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Roped-Together Climbers Die in Fall On Mount McKinley in Denali National Park and Preserve


Two acclaimed climbers fell to their deaths on Mount McKinley in the vicinity of the mountain's West Rib and West Buttress routes. NPS photo.

Two acclaimed climbers who were roped together while climbing on Mount McKinley in Denali National Park and Preserve have fallen several thousand feet to their deaths.

While two medics and an emergency room were quick to reach the two, there was nothing they could do.

Killed in the accident Thursday were Dr. John Mislow, 39, of Newton, Massachusetts, and Dr. Andrew Swanson, age 36, of Minneapolis, Minnesota. While part of the fall was observed by other climbers on the mountain, park officials say many factors remain unknown about the accident, such as the location where the initial fall occurred and whether the team was ascending or descending at the time.

Although the onset of the fall was not witnessed, a team did observe them falling between the 16,500-foot elevation on the Messner Couloir and its base at 14,500 feet.

Park rangers at the 14,200-foot camp were notified via FRS radio within minutes of the event, which occurred shortly before 2:00 p.m. on Thursday. Three skiers in the vicinity were first to respond to the climbers, who were located approximately 30 minutes away from the 14,200-foot camp. A team of four volunteer NPS rangers, including an emergency room nurse and two medics, followed close behind and confirmed that the two men had died in the fall.

The bodies were recovered by the park’s A-Star B3 helicopter that same evening and flown to Talkeetna.

The two men began an ascent of the West Rib route on May 30, and their climbing registration forms did not specify a particular descent route. Situated in between the West Rib and the West Buttress routes, the Messner Couloir is a steep, hourglass-shaped snow gully that drops from near Archdeacon’s Tower at 19,000 feet down to the 14,200-foot basin. With a 40- to 50-degree snow and ice slope, the Messner Couloir is an occasional advanced ski descent route, but is rarely descended on foot or ascended.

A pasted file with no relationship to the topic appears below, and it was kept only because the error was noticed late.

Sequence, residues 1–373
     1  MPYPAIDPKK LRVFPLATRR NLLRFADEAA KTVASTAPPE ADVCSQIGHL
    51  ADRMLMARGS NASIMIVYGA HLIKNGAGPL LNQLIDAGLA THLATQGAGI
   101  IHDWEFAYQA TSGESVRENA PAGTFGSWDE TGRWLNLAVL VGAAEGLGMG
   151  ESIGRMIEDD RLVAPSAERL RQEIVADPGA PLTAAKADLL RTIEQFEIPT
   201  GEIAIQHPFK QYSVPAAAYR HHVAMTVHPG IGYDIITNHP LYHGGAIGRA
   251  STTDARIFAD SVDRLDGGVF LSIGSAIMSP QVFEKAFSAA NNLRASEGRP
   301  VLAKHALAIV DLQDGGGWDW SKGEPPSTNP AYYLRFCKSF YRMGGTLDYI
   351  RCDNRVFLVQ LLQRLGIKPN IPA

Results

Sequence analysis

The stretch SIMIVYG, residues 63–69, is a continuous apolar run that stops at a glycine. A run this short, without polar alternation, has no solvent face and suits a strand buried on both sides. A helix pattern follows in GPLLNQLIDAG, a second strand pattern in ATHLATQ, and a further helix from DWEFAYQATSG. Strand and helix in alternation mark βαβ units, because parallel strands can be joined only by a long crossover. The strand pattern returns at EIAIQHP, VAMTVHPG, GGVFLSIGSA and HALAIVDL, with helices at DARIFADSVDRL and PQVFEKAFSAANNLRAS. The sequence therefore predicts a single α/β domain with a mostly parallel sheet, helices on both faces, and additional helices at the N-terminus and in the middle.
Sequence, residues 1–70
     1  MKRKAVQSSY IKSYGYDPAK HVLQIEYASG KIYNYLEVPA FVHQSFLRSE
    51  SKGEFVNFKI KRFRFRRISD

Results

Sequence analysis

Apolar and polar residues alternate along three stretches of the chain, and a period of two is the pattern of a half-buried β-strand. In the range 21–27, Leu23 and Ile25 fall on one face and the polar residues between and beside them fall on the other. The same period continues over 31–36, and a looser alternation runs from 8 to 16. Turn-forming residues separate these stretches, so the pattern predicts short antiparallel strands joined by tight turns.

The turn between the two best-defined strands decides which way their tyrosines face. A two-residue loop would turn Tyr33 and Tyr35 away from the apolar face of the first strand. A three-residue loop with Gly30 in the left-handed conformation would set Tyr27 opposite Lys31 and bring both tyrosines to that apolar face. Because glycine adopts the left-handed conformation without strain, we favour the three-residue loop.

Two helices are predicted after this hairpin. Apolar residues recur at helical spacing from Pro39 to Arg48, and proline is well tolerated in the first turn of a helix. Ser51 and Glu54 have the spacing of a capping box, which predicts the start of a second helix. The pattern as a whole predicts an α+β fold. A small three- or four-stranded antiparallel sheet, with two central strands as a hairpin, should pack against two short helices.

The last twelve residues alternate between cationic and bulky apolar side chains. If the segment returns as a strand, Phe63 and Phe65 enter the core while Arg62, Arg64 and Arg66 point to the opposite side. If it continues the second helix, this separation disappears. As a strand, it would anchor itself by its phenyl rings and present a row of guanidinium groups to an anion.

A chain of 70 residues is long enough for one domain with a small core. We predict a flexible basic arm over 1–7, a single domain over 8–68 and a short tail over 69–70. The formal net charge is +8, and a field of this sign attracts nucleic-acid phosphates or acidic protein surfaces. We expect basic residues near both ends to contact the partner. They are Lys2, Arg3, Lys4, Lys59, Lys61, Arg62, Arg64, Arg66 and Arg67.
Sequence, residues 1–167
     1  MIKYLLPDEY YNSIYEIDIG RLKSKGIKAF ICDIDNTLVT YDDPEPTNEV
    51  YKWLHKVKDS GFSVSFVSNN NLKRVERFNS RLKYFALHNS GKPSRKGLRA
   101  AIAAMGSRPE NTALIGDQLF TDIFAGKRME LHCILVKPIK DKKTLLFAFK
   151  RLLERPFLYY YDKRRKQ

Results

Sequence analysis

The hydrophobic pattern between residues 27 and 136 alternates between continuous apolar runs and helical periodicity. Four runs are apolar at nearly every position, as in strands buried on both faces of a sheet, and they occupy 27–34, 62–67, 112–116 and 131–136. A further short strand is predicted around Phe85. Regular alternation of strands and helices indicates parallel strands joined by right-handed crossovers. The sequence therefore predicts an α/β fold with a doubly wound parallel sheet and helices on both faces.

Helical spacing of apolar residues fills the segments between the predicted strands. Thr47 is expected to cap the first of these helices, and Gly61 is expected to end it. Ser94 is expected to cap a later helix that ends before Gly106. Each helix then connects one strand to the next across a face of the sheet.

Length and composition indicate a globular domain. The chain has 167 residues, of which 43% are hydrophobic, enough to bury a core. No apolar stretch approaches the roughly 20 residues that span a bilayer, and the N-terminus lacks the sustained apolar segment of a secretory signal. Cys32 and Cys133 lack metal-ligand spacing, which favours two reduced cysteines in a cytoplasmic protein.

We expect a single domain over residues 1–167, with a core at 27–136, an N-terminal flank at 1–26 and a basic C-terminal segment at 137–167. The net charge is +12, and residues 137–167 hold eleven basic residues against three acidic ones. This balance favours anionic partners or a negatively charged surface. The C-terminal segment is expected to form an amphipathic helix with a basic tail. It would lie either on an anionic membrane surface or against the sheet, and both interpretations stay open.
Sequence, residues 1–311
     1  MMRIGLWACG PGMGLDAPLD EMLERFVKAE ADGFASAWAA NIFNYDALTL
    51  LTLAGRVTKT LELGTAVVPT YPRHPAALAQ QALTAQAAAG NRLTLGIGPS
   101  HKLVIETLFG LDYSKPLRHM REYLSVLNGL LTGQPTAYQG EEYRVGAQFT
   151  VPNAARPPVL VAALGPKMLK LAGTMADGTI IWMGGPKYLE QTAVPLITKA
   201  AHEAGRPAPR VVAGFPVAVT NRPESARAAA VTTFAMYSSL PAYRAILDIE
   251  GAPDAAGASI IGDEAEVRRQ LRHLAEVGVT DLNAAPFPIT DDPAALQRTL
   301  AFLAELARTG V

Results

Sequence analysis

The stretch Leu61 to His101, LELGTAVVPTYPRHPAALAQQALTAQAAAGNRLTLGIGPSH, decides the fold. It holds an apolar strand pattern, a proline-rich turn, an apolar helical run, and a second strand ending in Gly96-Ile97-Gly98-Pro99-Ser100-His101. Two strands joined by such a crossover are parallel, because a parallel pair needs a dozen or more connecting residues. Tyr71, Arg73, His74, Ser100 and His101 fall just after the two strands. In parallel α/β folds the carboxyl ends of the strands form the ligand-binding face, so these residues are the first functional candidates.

Drs. Mislow and Swanson were both experienced mountaineers. In 2000, Denali National Park and Preserve presented the two men with the Denali Pro Award, an honor recognizing the highest standards in the sport for safety, self-sufficiency, and assisting fellow mountaineers.

During their 2000 attempt of the West Rib route they aided several different teams in distress; assisted a National Park Service patrol with multiple visitor protection projects; and demonstrated sound risk assessment in their climbing objectives.


Lauren, for many, pushing the edge a little bit heightens the intensity and beauty of life. From all accounts, these two gentlemen were highly skilled climbers and very analytical in their approach. Accidents can happen anywhere, from crossing the street to climbing a mountain. While their deaths were truly tragic and unfortunate, they were doing what they loved.

My heart goes out to their families. No matter how much you train and prepare accidents can still happen. Both John and Andrew seemed like very responsible and seasoned individuals.

Winter adventure, Northeast USA

Simply a wonderful young man! He did so much and gave so much, but fortunately lived his all too brief life to the full. I am so saddened by his tragic death. My heart goes out to all he touched and were touched by him. To his closest family and friends my condolences. Andrew will be sorely missed and long remembered.

This is just not right. Andrew, you were a good kid in school and a great man in life. I am sorry you are gone, the world is a worse place without you.

I came across this site searching for information about my childhood art teacher, John's grandmother I believe.
My hope was to get in touch with John's mother I met only a few times many years ago.
I am shocked and sad for both men's families. My heart goes out to his family.

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